Letter From Austria: Freedom Party Rising

Last Sunday, April 23, the right-wing, anti-globalist Austrian Freedom Party (FPÖ) scored the best result in its history in the state election in Salzburg, the largest of Austria’s nine autonomous states.

The results show that the Austrian people, often characterized historically as laid-back and easygoing, are becoming vigilant against the two greatest perils their country faces: immigration and the overbearing behemoth of the European Union, which is getting ever more insane and wicked with each passing day.

Since the late 1700s, Austria has enjoyed the legendary reputation of being a second land of the Phaeacians, who appear in The Odyssey as a rapacious, pleasure-loving people living off the edge of nowhere. As such, the Phäaken seemed to Friedrich von Schiller a perfect metaphor for the denizens of the Habsburg ancestral lands:

Mich umwohnt mit glänzendem Aug’ das Volk der Phaiaken;

Immer ist’s Sonntag, es dreht immer am Herd sich der Spieß.

(The people of the Phaiacs live around me with shining eyes;

It’s always Sunday, the spit is always turning at the stove.)

Even the political and social upheavals of the post-Joséphine era, which culminated in the Napoleonic Wars, had not changed the Austrian cheerful view of life, as depicted in Franz Grillparzer’s Ottokar once the storm was over. After paying homage to his native land’s beautiful landscape, he says:

D’rum ist der Österreicher froh und frank,

trägt seinen Fehl, trägt offen seine Freuden.

Beneidet nicht, lässt lieber sich beneiden!

(That’s why the Austrian is happy and frank,

bears his mistakes, bears his joys openly.

Don’t envy, prefer to be envied!)

Over a century later, in 1929, in his famous “Speech About Austria,” the poet and playwright Anton Wildgans accepted that Austrians are indeed Phäaken. “Our country, graced with all of God’s wonders of beauty and inhabited by friendly people, continues to be an island of song and of the noble cheerfulness and the courageous emotion of human hearts,” Wildgans said. “In this sense we Austrians want to be and remain Phaeacians.”

To the Austrian Wildgans, the utter seriousness that his German neighbors showed in the treatment and settlement of problems big and small was alien. Wildgans and his countrymen had a nose for finding humor in the pathetic and ridiculousness in the overly self-confident.

To this day, the majority of Austrian people retain the talent to win the bright side of existence, the tendency to take the difficult lightly. Crossing from Switzerland or Germany, even though the landscape doesn’t change, one is filled with a sense of cheerful well-being when hearing the Austrians’ regional greeting, Grüß Gott! Admittedly, these pleasant qualities manifested themselves at times as a willingness to let things go as they go; and, at worst, as an indolence, a willful belittlement of peril so as not to be bothered by the problem of how to avert it.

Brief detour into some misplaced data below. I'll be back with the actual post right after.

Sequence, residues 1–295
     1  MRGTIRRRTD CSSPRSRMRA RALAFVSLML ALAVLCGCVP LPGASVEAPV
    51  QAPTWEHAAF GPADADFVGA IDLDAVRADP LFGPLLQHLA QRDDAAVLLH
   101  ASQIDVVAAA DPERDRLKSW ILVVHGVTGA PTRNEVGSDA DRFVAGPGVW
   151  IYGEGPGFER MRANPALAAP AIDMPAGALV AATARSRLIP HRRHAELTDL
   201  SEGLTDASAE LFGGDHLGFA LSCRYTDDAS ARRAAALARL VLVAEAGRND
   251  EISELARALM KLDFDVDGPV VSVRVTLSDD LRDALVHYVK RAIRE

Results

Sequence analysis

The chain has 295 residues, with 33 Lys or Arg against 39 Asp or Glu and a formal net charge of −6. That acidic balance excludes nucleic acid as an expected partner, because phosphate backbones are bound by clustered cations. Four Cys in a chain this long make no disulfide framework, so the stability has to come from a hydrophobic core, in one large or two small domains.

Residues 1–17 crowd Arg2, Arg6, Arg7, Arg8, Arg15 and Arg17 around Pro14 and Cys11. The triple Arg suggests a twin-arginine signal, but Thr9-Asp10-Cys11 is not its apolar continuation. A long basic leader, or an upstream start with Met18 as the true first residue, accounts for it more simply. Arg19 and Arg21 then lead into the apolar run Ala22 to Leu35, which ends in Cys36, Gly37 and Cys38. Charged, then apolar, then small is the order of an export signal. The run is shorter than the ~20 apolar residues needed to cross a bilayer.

This time, mercifully, the indolence is gone: many Austrians seem to be aware of the need to protect themselves from those twin mortal threats to their identity and their way of life: immigration and the EU. This was manifested in the FPÖ’s victory in Salzburg.

The establishmentarian center-right Austrian People’s Party (ÖVP) of current Chancellor Karl Nehammer still secured the largest section of the popular vote, but its total fell more than seven percentage points from its 2018 results, to 30.4 percent. The FPÖ was the clear winner, overcoming the socialists to become the second strongest party, rising to 25.7 percent of the vote, from 18.8 percent previously.

Perhaps even more significantly, according to the latest national polls the Freedom Party is the strongest party in the country at 28 percent, with a continuing upward trend. Last January, the FPÖ won 24 percent in the state of Lower Austria. (Interestingly, for the first time in over seven decades the Austrian Communist Party entered the Landtag with 11.7 percent of the vote.)

As The European Conservative’s Robert Semonsen points out, in addition to its Euroscepticism, the FPÖ is the only party currently represented in the Austrian Parliament that opposes economic sanctions against Russia. It was also the only major party to oppose the government’s draconian lockdown regime and mandatory COVID-19 vaccinations. And of course, the FPÖ is the country’s only party that has—over many years—consistently sought to enact radical changes to stop illegal mass migration.

FPÖ leader Herbert Kickl declared after the election that the next step “is a run for the chancellery and a government under FPÖ’s leadership.” This seems by no means an unrealistic objective when the next national election comes in the fall of 2024. The FPÖ is back, fully recovered, four years after the German media published a secretly recorded video of then-Party leader Heinz-Christian Strache on the island of Ibiza, in which he was purportedly discussing a business arrangement with a woman he believed was connected to a Russian oligarch.

The “Ibiza affair” brought down the government in which the FPÖ was a coalition partner and led to snap general election in which the party dropped ten percentage points to just 16 percent.

The FPÖ’s obituaries, which the mainstream media gloatingly published at the time, are now proven to have been somewhat premature.

It’s been over two centuries since Schiller–German by accident, pan-European by conviction–wrote that der Österreicher hat ein Vaterland Und liebt’s und hat auch Ursach’, es zu lieben. (“The Austrian has a fatherland, and loves it, and also has reason to love it”). As luck would have it, and as last Sunday’s Salzburg election clearly indicates, this is still true. It has been said that Austrians are as German as the Danube is blue. In one important sense this is true: Germany seems hopeless, but this Alpine redoubt still holds.

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